Thursday, October 04, 2007

Speech Writing: Subject, Purpose, Audience, Occasion


Public Speaking Organization: Subject, Purpose, Audience and Occasion


Jakarta – As promised in the last OnWords, today we will begin to explore how to become better public speakers.

Public speaking success is in a large part determined by your attitude. You can maximize this positive attitude potential by keeping in mind the four organizational basics of subject, purpose, audience and occasion while you plan your speech.


You cannot have confidence in front of others, if you do not have confidence in your subject. That is why it is essential for you, especially if you are a beginning orator, to choose a topic that you know well, something that genuinely interests you and something you understand.

There are numerous techniques which can help you whittle down broad subjects until they become specific enough for you to give a concise and, therefore, effective talk on. Some methods, such as brainstorming, listing, the journalist approach, and freewriting have been explained in previous OnWords columns which are archived on my blog,

If you are able to sum up your topic, your thesis, in less than half a minute, you have most likely sufficiently narrowed it down. Later in the process, as you write your speech, you will need to keep coming back to your thesis asking yourself if what you are writing is relevant to the topic.


Once you have uncovered a topic you feel comfortable talking about, it is time to for you consider the purpose of your talk. There are three main motivations behind a speech, to entertain, to inform and to persuade.

George Grice and John Skinner say in their textbook Mastering Public Speaking that you are an entertainer when you want to amuse, a mentor if you wish to inform and an advocate when you persuade.

The most memorable speeches combine elements of more than a single purpose. At the early stages of your speaking journey it is usually best to stick with entertaining and informing.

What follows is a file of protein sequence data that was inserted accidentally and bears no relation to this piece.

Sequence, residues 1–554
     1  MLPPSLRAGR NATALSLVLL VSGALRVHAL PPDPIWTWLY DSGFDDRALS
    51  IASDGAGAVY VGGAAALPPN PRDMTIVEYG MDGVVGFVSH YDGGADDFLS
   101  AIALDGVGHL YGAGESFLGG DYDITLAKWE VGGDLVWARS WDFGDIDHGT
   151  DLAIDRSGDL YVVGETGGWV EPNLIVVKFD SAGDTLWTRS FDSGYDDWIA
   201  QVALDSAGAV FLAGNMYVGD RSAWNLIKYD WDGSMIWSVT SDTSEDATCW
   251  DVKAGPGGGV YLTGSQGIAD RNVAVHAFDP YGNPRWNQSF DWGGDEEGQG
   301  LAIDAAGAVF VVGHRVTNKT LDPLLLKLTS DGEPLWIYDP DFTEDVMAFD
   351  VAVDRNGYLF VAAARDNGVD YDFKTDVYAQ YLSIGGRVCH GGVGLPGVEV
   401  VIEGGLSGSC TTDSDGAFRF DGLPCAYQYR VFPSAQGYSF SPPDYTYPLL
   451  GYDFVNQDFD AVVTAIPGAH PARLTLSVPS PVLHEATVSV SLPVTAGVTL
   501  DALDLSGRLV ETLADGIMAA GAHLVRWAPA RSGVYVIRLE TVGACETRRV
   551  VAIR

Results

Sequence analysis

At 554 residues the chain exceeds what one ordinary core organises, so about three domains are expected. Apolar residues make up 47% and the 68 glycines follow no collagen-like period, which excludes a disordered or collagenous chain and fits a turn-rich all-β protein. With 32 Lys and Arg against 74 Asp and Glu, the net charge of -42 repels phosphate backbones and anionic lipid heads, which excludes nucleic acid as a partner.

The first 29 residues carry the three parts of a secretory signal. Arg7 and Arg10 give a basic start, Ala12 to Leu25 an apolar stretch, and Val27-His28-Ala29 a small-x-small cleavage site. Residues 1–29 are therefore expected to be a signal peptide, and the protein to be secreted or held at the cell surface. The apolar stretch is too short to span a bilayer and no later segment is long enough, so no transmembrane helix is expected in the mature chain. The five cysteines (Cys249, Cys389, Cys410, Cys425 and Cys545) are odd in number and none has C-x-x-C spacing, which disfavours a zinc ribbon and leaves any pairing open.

While going through this step, you need to ask yourself what you would like the audience to do or to learn. What do you hope they gain from their giving of their time?


Who you speak to greatly influences the subject and the purpose of your speech. To be an effectual communicator you must never forget who your audience is.

Have you spoken to the group before? If so, what did you learn about them? If it is a new group, you need to ask yourself what the audience members have in common. What is your connection to them? How can you establish a rapport with them? What do they hope to gain from listening to you?

Different audiences have different needs and different expectations. Although they share a subject, a speech you give to your child’s class on career day would be completely different than one you would give to a panel during a group interview. Vocabulary, tone, grammar, body posture and gestures are all determined by who you are speaking to.


Related to audience and purpose is the occasion. You need to know if you are going to be the event’s only speaker. If you are one of many, you will need to be more aware of how disconnected your audience may be feeling by your time to speak arrives.

Time constraints are likewise important. Always leave the audience wanting more by wrapping up your speech before the audience begins to tune out. The last thing you want to see as you look out over the audience is a sea of glazed-over fish eyes. Remember, listeners will complain about you speaking for too long before they complain about you being too short.

After you have organized your speech while always being cognizant of your subject, purpose, audience and occasion the time to write it comes. OnWords’ next column will help you with that.

Until then, good organizing,


This article was originally published in The Jakarta Post.

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